Lane, Barcroft
Stagecoach to Denver is a crackerjack entry among the Red Ryder westerns.  Lane seamlessly assumes the role from Elliott (the only difference I noticed between the two is that Lane is a little more “cowboy” in his speech patterns) and while I prefer Fleming’s Duchess to Wentworth’s interpretation (and I say this as a big Martha Wentworth fan) the franchise continued going (pardon the pun) great guns with the replacement performers.  What makes Denver so much fun is that The Baddest Serial Villain of Them All, Roy Barcroft, shines as the despicable Lambert.  Roy remains one of my favorite character actors, and as excellent as he was playing bad guys he was also exceptional when it came to representing the right side of the law (I’m always coming across Barcroft in TV reruns—he was great in a Tales of Wells Fargo I watched a while back—and old movies; I yelped with delight when I saw him execute a nice turn as a settlement shopkeeper in 1966’s Texas Across the River).  “The poor man’s Gabby Hayes,” Emmett Lynn, is also most welcome as Ryder’s adult sidekick Coonskin (a reference perhaps to Buckskin, Red’s partner in the comic strips), as are familiar faces like Ted Adams (as the sheriff in cahoots with Barcroft), Edmund Cobb, and George Chesebro.

Peggy Stewart and Allan Lane in Denver
It's Peggy Stewart who wins the acting honors in Denver, however—her Beautiful earns more exposure than many a female ingenue in a lot of these B-westerns (many of them simply stand around and wring their hands waiting for the hero to return), and in many respects, it’s more her movie than anyone else’s.  The same can be said for her turn in Vigilantes of Boomtown (1947); Peggy portrays Molly McVey, daughter of a Nevada senator and an anti-gambling advocate who’s vehemently opposed to a boxing match that will take place between the legendary “Gentleman” Jim Corbett (George Turner) and challenger Bob Fitzsimmons (Mister John Dehner).  Corbett’s manager, Billy Delaney (Roscoe Karns), has rented out The Duchess’ ranch for Corbett to train…but the real trouble comes in the form of outside bandits (headed up by Barcroft as a no-goodnik named “McKean”) determined to steal the receipts from the match.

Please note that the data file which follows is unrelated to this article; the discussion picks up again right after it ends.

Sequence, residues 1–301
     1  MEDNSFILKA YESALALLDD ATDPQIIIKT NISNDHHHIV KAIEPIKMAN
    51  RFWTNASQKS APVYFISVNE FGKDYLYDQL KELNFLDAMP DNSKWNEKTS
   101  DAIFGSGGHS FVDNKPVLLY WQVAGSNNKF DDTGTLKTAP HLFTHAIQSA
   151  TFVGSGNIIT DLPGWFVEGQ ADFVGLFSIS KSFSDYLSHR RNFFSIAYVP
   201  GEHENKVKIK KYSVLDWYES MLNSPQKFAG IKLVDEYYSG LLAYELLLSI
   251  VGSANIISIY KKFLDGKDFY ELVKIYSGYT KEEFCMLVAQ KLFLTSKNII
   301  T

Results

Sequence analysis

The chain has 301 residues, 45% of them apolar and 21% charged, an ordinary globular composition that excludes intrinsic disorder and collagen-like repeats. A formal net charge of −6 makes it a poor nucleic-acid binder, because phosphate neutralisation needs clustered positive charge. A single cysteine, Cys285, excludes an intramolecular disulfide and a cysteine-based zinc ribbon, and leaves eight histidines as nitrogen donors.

Lane and Wentworth with Robert Blake (as Little Beaver) in Vigilantes of Boomtown

Boomtown’s plot (screenplay by Earle Snell) is loosely based on a real-life Nevada event from 1897 that was also dramatized in the 1953 20th Century-Fox oater City of Badmen (with Wells Fargo star Dale Robertson, Lloyd Bridges, and Richard Boone): a boxing event that took place in Carson City shortly after the Nevada legislature legalized prizefighting.  Again, Stewart is first-rate in her role (Barcroft is good, but not the memorable menace he was in Denver); Chuck Anderson at The Old Corral observes “Two of Peggy Stewart's most memorable performances are in this movie and Stagecoach to Denver, perhaps because in both she didn't have to pretend to like Lane.” (Allan had a reputation of being a real dink to work with.)  Having TDOY fave Dehner around is always a plus, of course, and Denver’s George Chesebro and Ted Adams (an honest lawman in Boomtown) are also along for the ride, with comic relief supplied by both Karns and Abbott & Costello “court jester” Bobby Barber (as Corbett’s “second”).  Both Denver and Boomtown were directed by R.G. Springsteen, a journeyman whose name appears on a lot of TV reruns including Bonanza, Gunsmoke, Rawhide…and Tales of Wells Fargo.